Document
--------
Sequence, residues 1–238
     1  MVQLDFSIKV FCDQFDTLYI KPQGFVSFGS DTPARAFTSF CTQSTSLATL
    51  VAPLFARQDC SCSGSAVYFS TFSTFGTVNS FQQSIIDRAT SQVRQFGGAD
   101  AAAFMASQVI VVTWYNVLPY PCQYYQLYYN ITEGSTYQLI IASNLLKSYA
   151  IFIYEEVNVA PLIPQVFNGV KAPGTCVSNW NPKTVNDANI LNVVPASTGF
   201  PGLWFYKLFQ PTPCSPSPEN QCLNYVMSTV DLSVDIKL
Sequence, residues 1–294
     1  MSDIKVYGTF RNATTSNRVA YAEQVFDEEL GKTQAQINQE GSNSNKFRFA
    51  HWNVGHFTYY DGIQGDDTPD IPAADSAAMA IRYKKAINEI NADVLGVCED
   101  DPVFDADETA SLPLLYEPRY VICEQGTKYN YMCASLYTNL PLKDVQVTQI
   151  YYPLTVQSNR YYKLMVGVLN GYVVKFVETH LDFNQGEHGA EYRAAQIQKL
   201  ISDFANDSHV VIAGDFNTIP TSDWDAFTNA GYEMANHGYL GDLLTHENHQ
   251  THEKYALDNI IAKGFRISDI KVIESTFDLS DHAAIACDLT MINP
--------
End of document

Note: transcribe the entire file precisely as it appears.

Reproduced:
Sequence, residues 1–238
     1  MVQLDFSIKV FCDQFDTLYI KPQGFVSFGS DTPARAFTSF CTQSTSLATL
    51  VAPLFARQDC SCSGSAVYFS TFSTFGTVNS FQQSIIDRAT SQVRQFGGAD
   101  AAAFMASQVI VVTWYNVLPY PCQYYQLYYN ITEGSTYQLI IASNLLKSYA
   151  IFIYEEVNVA PLIPQVFNGV KAPGTCVSNW NPKTVNDANI LNVVPASTGF
   201  PGLWFYKLFQ PTPCSPSPEN QCLNYVMSTV DLSVDIKL
Sequence, residues 1–294
     1  MSDIKVYGTF RNATTSNRVA YAEQVFDEEL GKTQAQINQE GSNSNKFRFA
    51  HWNVGHFTYY DGIQGDDTPD IPAADSAAMA IRYKKAINEI NADVLGVCED
   101  DPVFDADETA SLPLLYEPRY VICEQGTKYN YMCASLYTNL PLKDVQVTQI
   151  YYPLTVQSNR YYKLMVGVLN GYVVKFVETH LDFNQGEHGA EYRAAQIQKL
   201  ISDFANDSHV VIAGDFNTIP TSDWDAFTNA GYEMANHGYL GDLLTHENHQ
   251  THEKYALDNI IAKGFRISDI KVIESTFDLS DHAAIACDLT MINP